All terms

What is high comedy?

Comedy that employs sophisticated wit and verbal humor to entertain and amuse.

Raising Laughter to New Heights: High Comedy Explained

High comedy is the darling of the mainstream, a love child of wit, intellect, and elegance, and as such, it aims to elevate laughter to a higher platform of sophistication and delight.

By emphasizing the play of ideas and language, rather than slapstick, high comedy appeals to more cerebral audiences with its mix of verbal wit, verbal irony, epigrams, and puns, that balance on the very edge of absurdity without falling over.

High comedy also relies heavily on expert knowledge, elegant wordplay, and subtle references, often requiring an educated audience to appreciate the depth of its humor and witty allusions. So, if you find yourself chuckling at a clever pun, then you have probably indulged in a slice of high comedy.

High Comedy in Classic Literature: Two Examples

High comedy is a mode of humor often employed in the works of literary greats, frequently used to poke fun at the aristocracy's follies, the absurdities of society, and the human foibles that we all share.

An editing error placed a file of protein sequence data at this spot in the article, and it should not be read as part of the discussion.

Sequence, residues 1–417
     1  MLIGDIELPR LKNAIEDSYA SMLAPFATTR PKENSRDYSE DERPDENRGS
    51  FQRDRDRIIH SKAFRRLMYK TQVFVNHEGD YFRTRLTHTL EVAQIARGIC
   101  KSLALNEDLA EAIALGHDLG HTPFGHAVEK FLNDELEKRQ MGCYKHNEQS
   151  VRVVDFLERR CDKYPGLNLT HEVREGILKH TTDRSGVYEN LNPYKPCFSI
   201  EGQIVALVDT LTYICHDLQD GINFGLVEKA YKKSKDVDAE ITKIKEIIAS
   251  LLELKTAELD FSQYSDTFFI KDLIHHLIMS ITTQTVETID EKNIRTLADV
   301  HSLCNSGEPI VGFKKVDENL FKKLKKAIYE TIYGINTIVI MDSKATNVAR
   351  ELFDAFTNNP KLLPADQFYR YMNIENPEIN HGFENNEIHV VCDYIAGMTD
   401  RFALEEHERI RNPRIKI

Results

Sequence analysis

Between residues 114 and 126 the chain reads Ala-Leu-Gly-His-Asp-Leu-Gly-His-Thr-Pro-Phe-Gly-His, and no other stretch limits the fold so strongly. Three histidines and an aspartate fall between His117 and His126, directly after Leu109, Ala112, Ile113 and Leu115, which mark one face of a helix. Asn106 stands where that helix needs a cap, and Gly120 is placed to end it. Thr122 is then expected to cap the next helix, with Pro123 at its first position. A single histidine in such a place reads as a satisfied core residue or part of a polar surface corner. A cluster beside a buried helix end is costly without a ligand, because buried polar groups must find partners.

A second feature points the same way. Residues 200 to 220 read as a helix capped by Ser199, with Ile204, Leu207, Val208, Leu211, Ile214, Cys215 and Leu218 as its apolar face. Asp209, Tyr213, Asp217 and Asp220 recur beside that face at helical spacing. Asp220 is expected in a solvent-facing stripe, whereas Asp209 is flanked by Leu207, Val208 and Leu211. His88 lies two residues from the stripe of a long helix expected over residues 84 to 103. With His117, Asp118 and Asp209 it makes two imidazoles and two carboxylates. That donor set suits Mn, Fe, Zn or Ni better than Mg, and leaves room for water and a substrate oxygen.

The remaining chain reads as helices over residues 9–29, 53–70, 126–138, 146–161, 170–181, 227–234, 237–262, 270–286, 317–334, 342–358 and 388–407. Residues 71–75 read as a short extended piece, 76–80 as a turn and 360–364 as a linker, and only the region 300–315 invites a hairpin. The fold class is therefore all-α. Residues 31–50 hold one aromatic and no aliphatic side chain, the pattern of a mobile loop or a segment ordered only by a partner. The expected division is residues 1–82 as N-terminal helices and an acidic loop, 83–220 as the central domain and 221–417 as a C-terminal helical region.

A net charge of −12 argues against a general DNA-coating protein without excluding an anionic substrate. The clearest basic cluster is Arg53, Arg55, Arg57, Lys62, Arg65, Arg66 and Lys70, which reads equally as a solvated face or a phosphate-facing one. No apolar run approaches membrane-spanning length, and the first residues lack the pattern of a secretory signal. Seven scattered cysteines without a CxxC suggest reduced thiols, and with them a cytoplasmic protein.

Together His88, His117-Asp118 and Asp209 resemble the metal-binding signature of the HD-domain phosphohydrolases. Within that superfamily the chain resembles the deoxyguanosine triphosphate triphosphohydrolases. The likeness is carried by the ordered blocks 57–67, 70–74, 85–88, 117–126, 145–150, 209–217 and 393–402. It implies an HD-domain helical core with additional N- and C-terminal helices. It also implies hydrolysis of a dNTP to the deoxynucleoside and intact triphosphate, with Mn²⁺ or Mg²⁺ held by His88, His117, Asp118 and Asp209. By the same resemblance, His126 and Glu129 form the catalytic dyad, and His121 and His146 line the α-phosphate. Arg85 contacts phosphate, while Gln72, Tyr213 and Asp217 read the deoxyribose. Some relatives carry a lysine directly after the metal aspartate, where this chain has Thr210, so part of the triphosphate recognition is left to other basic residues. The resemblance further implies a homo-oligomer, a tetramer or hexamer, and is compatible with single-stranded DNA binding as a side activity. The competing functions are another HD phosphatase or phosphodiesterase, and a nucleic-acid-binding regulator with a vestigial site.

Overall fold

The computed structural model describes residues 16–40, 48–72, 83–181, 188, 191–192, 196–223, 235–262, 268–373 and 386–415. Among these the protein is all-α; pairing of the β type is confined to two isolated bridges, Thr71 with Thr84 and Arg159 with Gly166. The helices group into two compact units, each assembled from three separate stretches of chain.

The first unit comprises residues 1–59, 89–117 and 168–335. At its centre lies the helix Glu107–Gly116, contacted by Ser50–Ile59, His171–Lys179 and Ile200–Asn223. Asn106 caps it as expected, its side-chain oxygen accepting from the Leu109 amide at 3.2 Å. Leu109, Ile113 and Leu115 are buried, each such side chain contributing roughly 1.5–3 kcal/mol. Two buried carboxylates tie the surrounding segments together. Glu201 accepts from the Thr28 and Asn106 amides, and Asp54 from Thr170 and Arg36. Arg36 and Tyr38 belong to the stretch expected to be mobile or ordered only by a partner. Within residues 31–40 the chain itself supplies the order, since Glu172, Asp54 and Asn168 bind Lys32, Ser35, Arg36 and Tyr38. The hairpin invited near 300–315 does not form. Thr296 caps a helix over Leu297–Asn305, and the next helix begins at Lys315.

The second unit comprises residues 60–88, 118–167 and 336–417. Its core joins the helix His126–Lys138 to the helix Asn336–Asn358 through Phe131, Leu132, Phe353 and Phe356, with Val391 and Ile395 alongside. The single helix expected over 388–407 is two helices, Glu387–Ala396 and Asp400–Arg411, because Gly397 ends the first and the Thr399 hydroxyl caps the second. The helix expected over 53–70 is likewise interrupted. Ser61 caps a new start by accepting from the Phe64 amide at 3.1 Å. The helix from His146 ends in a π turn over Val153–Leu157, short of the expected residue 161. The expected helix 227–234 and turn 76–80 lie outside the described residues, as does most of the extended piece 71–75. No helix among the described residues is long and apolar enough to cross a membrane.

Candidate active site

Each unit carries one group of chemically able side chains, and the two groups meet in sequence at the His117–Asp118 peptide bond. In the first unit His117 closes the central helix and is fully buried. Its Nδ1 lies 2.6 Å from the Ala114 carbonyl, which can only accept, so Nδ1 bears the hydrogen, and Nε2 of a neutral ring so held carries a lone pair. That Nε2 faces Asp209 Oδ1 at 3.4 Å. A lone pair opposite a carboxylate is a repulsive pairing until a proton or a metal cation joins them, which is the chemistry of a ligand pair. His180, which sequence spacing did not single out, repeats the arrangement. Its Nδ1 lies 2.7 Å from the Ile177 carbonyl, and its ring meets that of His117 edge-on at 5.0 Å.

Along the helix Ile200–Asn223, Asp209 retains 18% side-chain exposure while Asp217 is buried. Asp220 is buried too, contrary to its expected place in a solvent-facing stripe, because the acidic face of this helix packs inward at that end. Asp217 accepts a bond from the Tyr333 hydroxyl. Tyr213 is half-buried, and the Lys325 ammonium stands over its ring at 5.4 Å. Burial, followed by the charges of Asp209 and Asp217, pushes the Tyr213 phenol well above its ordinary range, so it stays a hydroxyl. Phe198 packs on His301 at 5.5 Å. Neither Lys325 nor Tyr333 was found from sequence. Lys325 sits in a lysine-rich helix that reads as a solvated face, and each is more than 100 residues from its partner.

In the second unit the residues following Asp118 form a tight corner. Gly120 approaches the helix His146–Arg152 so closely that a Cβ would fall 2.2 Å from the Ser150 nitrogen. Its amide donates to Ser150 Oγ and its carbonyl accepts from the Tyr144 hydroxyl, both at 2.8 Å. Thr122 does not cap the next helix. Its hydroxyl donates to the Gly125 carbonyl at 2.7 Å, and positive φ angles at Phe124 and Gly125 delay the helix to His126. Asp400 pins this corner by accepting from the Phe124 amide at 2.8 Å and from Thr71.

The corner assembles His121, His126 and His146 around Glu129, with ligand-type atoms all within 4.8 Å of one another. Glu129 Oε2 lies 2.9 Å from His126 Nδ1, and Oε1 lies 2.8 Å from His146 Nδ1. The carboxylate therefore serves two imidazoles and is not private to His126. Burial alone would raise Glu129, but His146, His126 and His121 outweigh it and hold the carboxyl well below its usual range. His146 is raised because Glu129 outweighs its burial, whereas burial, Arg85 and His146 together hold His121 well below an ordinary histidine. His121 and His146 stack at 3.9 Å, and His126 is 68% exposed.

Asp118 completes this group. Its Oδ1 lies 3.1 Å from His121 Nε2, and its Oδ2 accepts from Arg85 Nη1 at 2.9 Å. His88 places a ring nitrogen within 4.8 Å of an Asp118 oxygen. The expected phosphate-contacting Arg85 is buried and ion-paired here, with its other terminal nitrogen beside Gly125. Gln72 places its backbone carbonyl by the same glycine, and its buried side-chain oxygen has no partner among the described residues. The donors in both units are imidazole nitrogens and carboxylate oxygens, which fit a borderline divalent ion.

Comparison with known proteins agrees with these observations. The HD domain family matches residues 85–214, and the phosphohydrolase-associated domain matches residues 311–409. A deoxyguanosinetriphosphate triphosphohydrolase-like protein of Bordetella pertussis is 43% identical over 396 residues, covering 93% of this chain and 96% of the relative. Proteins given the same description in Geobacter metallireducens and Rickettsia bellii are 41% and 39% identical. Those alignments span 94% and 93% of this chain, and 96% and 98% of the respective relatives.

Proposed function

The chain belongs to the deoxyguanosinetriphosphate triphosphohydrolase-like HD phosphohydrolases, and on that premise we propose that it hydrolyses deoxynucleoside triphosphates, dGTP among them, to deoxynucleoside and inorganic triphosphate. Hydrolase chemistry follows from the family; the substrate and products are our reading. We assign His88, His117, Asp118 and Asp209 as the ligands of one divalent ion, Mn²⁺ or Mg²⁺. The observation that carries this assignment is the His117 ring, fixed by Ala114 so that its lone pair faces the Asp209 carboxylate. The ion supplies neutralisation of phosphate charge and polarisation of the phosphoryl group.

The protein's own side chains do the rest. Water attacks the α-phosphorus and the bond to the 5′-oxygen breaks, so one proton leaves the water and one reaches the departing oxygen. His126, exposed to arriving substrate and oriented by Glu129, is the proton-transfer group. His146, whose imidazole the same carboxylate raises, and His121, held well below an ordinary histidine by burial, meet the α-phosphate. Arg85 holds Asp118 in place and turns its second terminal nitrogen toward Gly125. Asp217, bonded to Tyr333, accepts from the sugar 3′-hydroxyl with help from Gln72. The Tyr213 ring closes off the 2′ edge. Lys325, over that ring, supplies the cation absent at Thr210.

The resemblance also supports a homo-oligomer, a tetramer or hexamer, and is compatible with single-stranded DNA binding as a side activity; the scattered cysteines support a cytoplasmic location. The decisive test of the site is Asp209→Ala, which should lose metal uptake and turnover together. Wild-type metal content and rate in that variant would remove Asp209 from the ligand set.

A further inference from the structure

It's a style of humor that can be found in numerous classic works of literature, revealing the author's wit, intelligence, and skill with language.

The Importance of Being Earnest by Oscar Wilde

The Importance of Being Earnest, Oscar Wilde's comedic masterpiece, is a dazzling display of high comedy, which takes aim at Victorian society's obsession with trivialities and the social institutions that reinforce it, through the story of two bachelors' mostly farcical attempts to woo their respective loves.

Pride and Prejudice by Jane Austen

Jane Austen's Pride and Prejudice is another classic that shows the use of high comedy, where wit and cleverness are frequently deployed to succinctly caricature various strata of society, such as the pompous and foolish Mr. Collins, the garrulous Mrs. Bennet, and the smooth-talking Mr. Wickham.